I originally posted this Narrative Poem in 2010 . . . recirculating for new readers.
He comes for me, my friend, my brother, but I am four days dead in this tomb.
The weeping of my sisters, their pleading and tears, has pulled him to this place
where my flesh already rots behind the stones. I can hear him weeping too.
Why does he weep? He promised me eternal life. Why does he weep, this God-man
when he said I will be with him in Paradise?
Can it be that Paradise is not enough to quench the thirst for human touch?
Can it be that this earth has become the desire of angels? That man himself has swallowed heaven and it is . . . no more?
I have not yet passed beyond the veil, even as the light called me to move on.
I have waited on my sisters' pleas to "stay until he comes." And now he comes, parched from the dust of his journey. He comes now, his sandals worn, his hair bleached by the sun and stands before the stones, his voice roaring like that day he commanded the waves to cease for Peter. Only once, he says it "Lazarus! . . . Come Forth!!"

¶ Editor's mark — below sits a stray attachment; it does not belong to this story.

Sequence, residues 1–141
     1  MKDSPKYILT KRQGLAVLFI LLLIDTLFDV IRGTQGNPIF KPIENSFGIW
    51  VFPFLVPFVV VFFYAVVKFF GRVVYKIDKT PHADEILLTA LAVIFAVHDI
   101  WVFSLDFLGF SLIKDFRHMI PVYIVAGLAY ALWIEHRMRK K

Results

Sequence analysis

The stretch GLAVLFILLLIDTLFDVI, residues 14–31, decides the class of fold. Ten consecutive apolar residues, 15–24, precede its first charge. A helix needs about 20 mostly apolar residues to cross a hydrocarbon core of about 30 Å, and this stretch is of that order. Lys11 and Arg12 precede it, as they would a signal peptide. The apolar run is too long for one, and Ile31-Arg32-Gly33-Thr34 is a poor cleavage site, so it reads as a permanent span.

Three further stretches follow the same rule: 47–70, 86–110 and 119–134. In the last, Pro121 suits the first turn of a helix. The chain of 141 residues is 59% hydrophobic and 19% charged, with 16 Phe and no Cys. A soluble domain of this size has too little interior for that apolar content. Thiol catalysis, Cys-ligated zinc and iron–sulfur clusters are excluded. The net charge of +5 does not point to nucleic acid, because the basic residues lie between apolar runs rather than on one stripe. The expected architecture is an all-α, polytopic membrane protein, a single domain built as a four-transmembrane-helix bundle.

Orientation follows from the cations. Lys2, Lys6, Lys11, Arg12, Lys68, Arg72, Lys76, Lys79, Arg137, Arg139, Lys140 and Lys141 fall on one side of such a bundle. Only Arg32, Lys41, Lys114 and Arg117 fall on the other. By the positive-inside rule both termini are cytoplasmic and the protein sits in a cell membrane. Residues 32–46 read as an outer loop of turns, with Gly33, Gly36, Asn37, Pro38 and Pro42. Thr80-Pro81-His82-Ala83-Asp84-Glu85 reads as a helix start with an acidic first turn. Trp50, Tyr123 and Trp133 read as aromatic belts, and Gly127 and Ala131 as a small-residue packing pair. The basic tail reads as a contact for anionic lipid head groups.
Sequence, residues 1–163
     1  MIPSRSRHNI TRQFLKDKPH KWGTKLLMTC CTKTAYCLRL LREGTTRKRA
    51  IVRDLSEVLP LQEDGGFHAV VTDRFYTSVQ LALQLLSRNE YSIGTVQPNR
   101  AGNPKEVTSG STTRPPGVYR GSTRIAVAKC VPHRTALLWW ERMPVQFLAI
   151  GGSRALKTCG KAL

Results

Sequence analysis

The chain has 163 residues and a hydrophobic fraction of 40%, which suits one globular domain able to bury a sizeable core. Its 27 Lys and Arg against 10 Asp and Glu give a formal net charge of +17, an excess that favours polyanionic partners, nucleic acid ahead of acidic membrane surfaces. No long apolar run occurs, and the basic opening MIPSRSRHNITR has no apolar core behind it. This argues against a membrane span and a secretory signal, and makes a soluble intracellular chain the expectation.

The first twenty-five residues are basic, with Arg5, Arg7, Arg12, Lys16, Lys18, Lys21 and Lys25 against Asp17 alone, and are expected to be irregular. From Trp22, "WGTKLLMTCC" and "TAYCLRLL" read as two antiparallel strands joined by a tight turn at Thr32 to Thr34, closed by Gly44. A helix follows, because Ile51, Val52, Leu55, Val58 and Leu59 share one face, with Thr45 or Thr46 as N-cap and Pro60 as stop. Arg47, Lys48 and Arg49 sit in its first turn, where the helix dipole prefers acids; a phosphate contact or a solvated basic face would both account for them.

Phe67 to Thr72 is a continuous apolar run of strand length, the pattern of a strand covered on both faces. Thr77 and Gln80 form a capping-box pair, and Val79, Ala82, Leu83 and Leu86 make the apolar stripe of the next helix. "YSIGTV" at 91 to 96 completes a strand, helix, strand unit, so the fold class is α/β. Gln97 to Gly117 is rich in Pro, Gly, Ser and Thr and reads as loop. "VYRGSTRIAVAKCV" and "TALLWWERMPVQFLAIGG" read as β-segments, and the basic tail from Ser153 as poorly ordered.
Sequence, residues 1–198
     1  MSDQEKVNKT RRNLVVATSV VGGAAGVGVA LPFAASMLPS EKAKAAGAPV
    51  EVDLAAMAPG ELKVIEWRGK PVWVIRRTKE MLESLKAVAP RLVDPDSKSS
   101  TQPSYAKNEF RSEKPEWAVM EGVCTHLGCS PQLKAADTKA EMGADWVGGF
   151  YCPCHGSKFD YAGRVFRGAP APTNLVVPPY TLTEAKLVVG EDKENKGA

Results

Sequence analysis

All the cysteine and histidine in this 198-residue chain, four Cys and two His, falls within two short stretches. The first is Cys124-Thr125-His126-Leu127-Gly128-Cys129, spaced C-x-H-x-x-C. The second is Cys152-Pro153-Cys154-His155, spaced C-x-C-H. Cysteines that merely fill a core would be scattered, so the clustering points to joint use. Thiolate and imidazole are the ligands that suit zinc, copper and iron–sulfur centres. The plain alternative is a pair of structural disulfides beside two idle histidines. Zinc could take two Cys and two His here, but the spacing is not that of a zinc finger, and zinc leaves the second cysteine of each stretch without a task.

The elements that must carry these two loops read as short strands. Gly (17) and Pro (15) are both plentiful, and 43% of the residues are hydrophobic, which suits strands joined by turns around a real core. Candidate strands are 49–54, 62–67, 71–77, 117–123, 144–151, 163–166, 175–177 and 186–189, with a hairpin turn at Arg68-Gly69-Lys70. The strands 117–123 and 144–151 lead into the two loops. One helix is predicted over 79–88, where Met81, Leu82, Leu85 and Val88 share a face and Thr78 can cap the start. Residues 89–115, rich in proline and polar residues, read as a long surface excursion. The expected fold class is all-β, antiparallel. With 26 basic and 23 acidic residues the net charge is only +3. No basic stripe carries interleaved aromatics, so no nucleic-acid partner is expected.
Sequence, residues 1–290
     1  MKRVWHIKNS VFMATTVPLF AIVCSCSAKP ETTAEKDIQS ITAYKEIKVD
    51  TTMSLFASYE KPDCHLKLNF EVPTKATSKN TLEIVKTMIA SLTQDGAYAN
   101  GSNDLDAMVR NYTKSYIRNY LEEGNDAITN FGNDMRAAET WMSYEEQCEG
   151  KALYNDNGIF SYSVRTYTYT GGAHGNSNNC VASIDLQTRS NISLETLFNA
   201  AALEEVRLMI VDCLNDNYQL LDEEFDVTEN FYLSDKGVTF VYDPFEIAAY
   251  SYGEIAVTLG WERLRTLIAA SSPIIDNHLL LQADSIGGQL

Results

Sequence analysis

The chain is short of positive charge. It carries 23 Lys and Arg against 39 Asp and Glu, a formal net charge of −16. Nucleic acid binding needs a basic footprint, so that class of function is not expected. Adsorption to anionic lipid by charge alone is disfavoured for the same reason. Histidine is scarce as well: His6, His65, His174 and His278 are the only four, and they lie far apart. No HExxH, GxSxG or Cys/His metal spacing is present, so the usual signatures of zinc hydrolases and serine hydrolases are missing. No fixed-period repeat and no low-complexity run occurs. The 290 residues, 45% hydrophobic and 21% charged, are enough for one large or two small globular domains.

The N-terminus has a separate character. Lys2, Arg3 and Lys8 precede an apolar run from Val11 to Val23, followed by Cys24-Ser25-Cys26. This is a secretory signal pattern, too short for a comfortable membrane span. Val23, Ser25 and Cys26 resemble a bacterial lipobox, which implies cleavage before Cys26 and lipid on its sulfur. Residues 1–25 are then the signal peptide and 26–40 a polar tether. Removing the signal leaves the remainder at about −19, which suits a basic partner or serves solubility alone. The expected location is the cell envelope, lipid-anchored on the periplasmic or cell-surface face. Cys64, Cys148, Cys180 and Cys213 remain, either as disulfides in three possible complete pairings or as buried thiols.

and I feel his breath irradiate the stones that house me in. My whole being shakes with terror as my iced heart begins to warm and pump. . . My blood flows red again!
Oh . . . I hold my ears; you are no longer my friend, rousing me from my dark sleep, bringing me back to only die once more! Have you no pity? No mercy?
I rise . . . I am alive! I see my own hands move before my face in the dim light of this tomb. I rise . . . I walk again with shuffled feet out into the blinding sun. I reach for him and stumble. So many are there, crying with my sisters, but all I see is eyes . . . his eyes, and the hand that reaches out to me. Somehow he needs me, I know not why, but he still needs me.
The day would come and it did, when he, who raised me from the dead, would be nailed on a cross to die. And in his silent painful suffering, I would hear those words again. . . "Lazarus . . . Come Forth!" And I, the one he raised from death, would go to him with these hands that live again, and touch and hold his broken feet and look into his dying eyes and give to him my human touch. The Son of God . . . who rules the stars and all the heavens. . . no more to live in human flesh, no more to walk the earth or feel the wind blow through his hair. "Lazarus, Lazarus, one last touch before Paradise."
Joanne Cucinello 2007